Knowing how to plan top performing marketing content is essential to persuading more people to buy from you. Anyone can write content, but not all content leads to sales results. Many clients we encounter have been sold on the idea of content driving sales, but have been disappointed by the results they’ve seen. Many more, like the idea but don’t know where to start. I’ve asked Certified Practitioner, Stephen Bateman, to outline how to overcome these frustrations with a proper plan. ~ Bryony Thomas
What happens if you don’t plan top performing content?
Without a plan of top performing content you are simply going to struggle to support your prospects and buyers as they move through your sales cycle, and you will lose them to more persuasive competitors.
Step 1 – Ask: How do you decide what to include in your content plan?
The quick answer is to get a balance of 75% audience-centric to 25% product-focused content. This means that the majority of your content answers the questions they have, and the minority directly highlights the solution you have.
You can simply ask yourself whether your marketing content answers your customers crucial questions:
- Does this business work with clients like me?
- Do they understand my situation?
- Do they know my concerns, issues, and pain points?
- Do they really know what they are doing?
- Have they worked with people like me?
- What do others say about them?
- Have they solved problems for other people like me?
There are also nifty online auditing tools that can give you a steer as to whether you’re on the mark.
Tools to help you plan more customer-centric content marketing
In my experience there are two tools that truly help plan your customer-centric marketing content:
- A buyer persona
- A flow-chart of the buying decision
The first is a buyer persona, which consists of a photograph, name and a description of your archetypal buyer, including their behavioural information.
The second is a simple flowchart showing your buyer’s sales cycle, which, when done properly helps you map out your marketing content in line with your buyer’s journey. Once again, I’ll show examples of the flowchart and subsequent content plan in action.
Together, these two powerful tools help you plan your website and blogging content to support your buyer through the sales cycle, so that rather than drive an audience from consuming content to an immediate sale (unrealistic,) you structure your marketing content in a way that leads buyers naturally from one piece of content to the next.
Step 2 – Ask: What types of content should I plan for?
The average UK marketer uses 13 different types of content, from blog posts to infographics and everything in between.
In working with clients, a starting point is to simply list their preferred content types. Across the many workshops I’ve run with over 150 businesses the average number people get to is 11 content types.
With the help of a content matrix, you can focus your content creation on the right types of content, depending on your audience, their needs and usage patterns, and your business goals. An effective content matrix is the perfect tool to help you plan your content types with discipline, rigour and justification.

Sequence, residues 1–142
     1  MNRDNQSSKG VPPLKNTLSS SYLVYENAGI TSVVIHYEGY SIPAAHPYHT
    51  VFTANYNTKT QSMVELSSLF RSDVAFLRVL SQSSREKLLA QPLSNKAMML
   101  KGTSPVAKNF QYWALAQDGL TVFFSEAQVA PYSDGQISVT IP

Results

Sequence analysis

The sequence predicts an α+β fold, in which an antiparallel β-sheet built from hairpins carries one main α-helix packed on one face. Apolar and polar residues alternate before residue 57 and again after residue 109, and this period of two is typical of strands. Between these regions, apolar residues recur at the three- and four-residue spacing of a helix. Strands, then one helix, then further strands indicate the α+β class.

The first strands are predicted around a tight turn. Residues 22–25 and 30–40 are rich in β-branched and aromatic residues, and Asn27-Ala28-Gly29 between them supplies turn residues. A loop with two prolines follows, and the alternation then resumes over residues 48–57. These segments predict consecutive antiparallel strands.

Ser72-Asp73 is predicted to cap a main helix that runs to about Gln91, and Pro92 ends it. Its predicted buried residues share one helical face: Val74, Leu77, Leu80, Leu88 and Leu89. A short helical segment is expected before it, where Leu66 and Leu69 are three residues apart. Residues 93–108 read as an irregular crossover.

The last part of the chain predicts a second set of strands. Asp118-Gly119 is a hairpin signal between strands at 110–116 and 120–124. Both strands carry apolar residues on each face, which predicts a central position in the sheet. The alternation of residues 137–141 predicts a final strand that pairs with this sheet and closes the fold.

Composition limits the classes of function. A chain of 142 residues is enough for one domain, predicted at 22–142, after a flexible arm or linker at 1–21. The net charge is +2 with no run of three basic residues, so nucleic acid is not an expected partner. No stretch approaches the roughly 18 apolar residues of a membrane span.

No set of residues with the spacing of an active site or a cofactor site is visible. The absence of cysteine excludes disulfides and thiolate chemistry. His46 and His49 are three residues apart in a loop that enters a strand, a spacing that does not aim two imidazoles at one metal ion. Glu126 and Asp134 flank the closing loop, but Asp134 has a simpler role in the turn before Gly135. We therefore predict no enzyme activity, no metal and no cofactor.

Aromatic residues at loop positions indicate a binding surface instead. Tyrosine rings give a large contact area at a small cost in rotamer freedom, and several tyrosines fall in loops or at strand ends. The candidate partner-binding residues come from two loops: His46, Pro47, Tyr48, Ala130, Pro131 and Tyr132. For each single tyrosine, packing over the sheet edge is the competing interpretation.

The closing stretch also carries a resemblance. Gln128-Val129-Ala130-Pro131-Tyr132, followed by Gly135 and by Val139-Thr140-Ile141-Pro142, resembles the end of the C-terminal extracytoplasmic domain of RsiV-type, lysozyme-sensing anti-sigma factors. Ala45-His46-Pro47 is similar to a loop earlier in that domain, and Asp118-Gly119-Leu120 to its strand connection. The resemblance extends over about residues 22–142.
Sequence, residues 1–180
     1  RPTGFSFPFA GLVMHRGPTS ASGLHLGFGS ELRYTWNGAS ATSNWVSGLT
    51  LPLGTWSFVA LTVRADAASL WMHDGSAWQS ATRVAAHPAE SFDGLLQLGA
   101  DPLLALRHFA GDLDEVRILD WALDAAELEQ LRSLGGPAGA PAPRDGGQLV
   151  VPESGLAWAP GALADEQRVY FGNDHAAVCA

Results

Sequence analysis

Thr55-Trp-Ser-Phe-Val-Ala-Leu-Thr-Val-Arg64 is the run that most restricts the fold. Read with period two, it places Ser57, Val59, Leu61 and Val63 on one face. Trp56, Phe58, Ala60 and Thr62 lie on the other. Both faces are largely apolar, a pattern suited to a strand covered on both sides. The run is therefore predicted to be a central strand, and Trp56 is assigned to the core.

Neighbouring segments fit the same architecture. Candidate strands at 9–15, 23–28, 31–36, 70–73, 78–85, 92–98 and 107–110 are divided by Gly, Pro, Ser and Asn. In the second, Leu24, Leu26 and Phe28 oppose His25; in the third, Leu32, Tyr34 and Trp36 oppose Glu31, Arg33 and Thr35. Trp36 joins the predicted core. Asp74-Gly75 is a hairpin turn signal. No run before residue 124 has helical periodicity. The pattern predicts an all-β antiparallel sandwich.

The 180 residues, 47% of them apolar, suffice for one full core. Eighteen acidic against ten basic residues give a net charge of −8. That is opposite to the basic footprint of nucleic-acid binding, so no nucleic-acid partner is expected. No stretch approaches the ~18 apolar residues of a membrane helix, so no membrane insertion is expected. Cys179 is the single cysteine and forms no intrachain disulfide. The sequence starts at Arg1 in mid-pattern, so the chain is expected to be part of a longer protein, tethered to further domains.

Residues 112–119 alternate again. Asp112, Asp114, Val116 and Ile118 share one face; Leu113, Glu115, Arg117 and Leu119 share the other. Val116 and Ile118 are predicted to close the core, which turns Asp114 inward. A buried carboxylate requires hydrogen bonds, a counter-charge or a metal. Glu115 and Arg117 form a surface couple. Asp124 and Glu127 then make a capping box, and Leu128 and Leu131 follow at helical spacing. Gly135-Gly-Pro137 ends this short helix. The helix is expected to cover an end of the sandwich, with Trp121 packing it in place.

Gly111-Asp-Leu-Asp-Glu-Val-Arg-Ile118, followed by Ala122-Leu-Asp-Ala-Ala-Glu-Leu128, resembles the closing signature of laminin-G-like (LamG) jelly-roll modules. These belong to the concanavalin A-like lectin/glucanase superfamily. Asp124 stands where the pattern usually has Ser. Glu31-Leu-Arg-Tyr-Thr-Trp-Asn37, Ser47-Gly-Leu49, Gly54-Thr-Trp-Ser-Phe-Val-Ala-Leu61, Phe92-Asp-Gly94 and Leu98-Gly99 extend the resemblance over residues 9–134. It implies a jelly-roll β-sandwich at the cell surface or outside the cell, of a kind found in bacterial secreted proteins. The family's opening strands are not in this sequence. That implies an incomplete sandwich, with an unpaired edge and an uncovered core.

Step 3 – Ask: How often should I create new content?
It’s a common misconception for small businesses to feel that they have to create every single piece of marketing content themselves. Unless you’re a content factory like Nestle, you can’t realistically create all your content.
We recommend a 12 month editorial calendar. This helps you plot special interest days, recurring events, seasonal themes and topics. Using Three S Timing from Chapter 8 in Watertight Marketing is an excellent place to start.
This way you can make choices about events and themes you wish to piggyback during the calendar year. You can break your annual calendar down into monthly calendars and make choices about the number and types of content items you will produce in those months, realistically.
This calendar-based approach helps you plan your content output, and anticipate when your audiences will be most receptive to your different themes, and when they are likely to be distracted by events (like Brexit!), so that you can better get their attention.
Step 4 – Ask: How long do we need to create content for?
Google ranks your authority after a long stint of layered, high quality, content. Watertight Marketing extols the virtue of long-term sales results, and of accepting that “slow sales stick”. Content marketing underpins this perfectly.
The truth is that successful content marketing assumes that you pursue a content hub strategy for two years, publishing and layering content on your chosen theme, demonstrating your expertise, and building your audience and your reputation.
When I started with content marketing I didn’t know this, nor that I’d have to produce great content on my chosen topics for two years before I’d see the sales results, but I did and I’m glad I stuck at it.
The short answer is: Don’t take your foot off the pedal too soon. As fellow Watertight Marketing Certified Practitioner, Julie Mitchell-Mehta said in her recent post – How much marketing is enough? – “commitment and consistency is the key.”
Step 5 – Ask: Where do you start?
Start with the end in mind. That’s the advice from Stephen Covey. And, as Watertight Marketers, we say turn your marketing upside down. Set traffic and engagement targets for your marketing content from the outset, rather than aiming too high, too fast and failing yourself.
© Stephen Bateman